Born Free USA Blog
by Adam M Roberts,
Chief Executive Officer
When it comes to animals, Adam Roberts not only talks the talk, but also walks the walk. Since beginning his animal advocacy career in Washington, D.C. in 1991, Adam's ambition, tireless involvement, and profound knowledge of conservation and wildlife issues have cemented him as a go-to voice for protecting animals — and he has elevated Born Free USA to the respected and impactful organization that we know today. Adam's compassionate, informed, and forward-thinking blogs will surely motivate you to join us in our fight to Keep Wildlife in the Wild.
I have just learned that Her Majesty Queen Elizabeth II has bestowed upon me the honor of OBE — Officer of the Most Excellent Order of the British Empire — for services to wildlife conservation and animal welfare. As many of you may know, my mother, Virginia McKenna, had previously received her OBE for contributions to the arts and to animal protection. Just as I share the joy of having started the Born Free Foundation and Born Free USA with her, I now share the honor of receiving this award.
Having just taken part in the rescue of Kebri, the juvenile lion from a remote part of Ethiopia (who is now safely at Ensessakotteh, Born Free’s center, just outside Addis Ababa), I think it is safe to say that Born Free knows a thing or two about rescues.
So when we heard that a zoo in Mexico had "rescued" nine juvenile African elephants faced with certain death in Namibia, we thought we understood what was going on.
This past Saturday our Sacramento staff members threw a party and invited everyone. The occasion? To celebrate the stunning 85-foot-mural of a caged tiger on the side of our downtown building!
Some 500 people showed up to check out the mural up-close, peruse the wares of indie craft vendors, hear the rockin’ sounds of Joy Hammer, eat vegan sandwiches and free vegan pizza, drink beer and learn more about Born Free USA. Sharie Lesniak, our creative director and the driving force behind Saturday’s party, categorized the event as a “friendraiser.”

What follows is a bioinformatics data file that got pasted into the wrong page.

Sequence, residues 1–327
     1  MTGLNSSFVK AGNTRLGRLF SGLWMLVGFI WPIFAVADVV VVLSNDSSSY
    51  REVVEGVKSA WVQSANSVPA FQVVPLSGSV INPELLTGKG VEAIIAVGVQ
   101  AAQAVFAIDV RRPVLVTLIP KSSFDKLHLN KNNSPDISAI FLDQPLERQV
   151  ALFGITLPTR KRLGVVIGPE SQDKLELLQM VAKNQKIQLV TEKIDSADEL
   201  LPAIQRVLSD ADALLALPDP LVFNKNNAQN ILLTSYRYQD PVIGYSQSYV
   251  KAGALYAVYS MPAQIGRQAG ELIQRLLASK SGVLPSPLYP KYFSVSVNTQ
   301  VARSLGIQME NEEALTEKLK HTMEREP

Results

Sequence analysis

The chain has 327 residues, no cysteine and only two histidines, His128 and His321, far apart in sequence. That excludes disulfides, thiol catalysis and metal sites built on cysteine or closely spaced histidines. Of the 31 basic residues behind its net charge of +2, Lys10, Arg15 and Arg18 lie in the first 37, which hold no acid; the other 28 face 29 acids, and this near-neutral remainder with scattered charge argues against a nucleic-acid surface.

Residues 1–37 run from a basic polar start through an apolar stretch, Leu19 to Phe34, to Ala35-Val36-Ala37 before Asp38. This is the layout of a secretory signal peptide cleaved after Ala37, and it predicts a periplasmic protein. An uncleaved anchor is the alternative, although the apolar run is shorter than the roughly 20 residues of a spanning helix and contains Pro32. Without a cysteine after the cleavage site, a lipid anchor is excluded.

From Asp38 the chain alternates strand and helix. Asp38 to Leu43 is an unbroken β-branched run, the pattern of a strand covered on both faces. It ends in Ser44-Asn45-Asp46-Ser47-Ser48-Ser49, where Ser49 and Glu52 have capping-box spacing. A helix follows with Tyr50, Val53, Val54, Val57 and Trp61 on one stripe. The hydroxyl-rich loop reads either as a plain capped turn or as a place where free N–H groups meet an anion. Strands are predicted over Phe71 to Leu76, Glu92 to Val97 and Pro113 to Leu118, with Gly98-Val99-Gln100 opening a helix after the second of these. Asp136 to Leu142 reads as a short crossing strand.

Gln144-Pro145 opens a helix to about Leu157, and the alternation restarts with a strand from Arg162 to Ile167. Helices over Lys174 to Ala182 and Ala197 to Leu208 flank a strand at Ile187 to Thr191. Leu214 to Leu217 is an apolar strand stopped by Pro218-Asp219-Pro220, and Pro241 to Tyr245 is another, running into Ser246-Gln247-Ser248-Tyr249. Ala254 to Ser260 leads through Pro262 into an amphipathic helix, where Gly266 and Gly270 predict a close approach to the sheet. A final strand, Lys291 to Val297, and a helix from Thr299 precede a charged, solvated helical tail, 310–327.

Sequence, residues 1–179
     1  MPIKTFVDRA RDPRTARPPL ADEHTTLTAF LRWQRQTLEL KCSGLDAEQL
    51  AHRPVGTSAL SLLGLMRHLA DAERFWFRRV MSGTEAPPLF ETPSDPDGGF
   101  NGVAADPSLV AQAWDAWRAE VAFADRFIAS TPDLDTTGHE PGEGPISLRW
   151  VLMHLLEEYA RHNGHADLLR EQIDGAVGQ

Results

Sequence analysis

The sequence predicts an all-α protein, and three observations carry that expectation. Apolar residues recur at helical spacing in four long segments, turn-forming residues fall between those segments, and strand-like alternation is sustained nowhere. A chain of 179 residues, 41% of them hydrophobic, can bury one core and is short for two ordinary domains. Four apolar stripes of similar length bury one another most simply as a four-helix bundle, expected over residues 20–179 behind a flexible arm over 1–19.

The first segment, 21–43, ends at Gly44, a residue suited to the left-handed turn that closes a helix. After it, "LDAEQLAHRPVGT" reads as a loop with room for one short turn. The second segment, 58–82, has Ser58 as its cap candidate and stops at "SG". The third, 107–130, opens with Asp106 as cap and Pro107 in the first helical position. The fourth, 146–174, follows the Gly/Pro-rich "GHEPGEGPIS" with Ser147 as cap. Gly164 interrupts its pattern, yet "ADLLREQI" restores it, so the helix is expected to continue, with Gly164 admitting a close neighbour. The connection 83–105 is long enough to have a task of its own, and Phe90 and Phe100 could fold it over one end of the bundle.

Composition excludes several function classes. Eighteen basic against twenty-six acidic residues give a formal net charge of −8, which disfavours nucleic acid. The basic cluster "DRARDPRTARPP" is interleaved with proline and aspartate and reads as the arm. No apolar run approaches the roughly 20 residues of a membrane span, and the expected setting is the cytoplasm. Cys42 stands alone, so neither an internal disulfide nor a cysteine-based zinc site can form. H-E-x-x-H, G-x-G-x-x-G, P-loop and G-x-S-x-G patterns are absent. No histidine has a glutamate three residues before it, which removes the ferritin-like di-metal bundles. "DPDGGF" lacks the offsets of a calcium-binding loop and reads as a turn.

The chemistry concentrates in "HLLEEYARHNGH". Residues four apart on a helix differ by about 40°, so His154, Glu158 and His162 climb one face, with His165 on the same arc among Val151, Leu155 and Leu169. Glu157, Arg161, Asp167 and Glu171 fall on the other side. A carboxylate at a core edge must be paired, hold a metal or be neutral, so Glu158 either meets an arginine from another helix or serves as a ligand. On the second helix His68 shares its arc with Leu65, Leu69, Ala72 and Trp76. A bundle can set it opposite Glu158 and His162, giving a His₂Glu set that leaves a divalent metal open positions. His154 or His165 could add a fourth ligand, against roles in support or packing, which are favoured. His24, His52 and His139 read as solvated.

We’ve just done something rather rash. We acted instinctively, with our hearts not our heads. Let me tell you what we’ve done. I know you’ll understand …
Last week I got a heart-wrenching phone call from Ethiopia. It was Stephen Brend, our project director there. “If we don’t rescue this lion cub, they’re going to shoot him."
In a case where human obstructionism trumps animal protectionism, the World Trade Organization (WTO) earlier this month found that the United States is playing unfair with Mexico by selling tuna that is labeled as “dolphin-friendly.” It is an issue I have tracked for nearly two decades.
Zoos. Don’t get me started.
But what’s that you say? There’s an elephant at the Smithsonian National Zoological Park in Washington, DC who plays the harmonica. And there’s zoo-provided video footage to prove it?
All right, that got me started.
“It’s obviously very unfortunate.”
That’s what the man in charge said after two cheetahs in his South African reserve attacked a visitor for three minutes, leaving her with multiple lacerations on her head, stomach and legs, and the loss of “a lot of blood.” The victim, a Scottish woman who was celebrating turning 60, had been petting the animals, who had been billed as hand-reared and tame.
Toronto’s City Council last fall approved the transfer of three aging elephants from the local zoo to our good friends at the Performing Animal Welfare Society’s sanctuary not far from Born Free USA’s headquarters in Sacramento. We cheered, because this decision clearly was in the elephants’ best interests.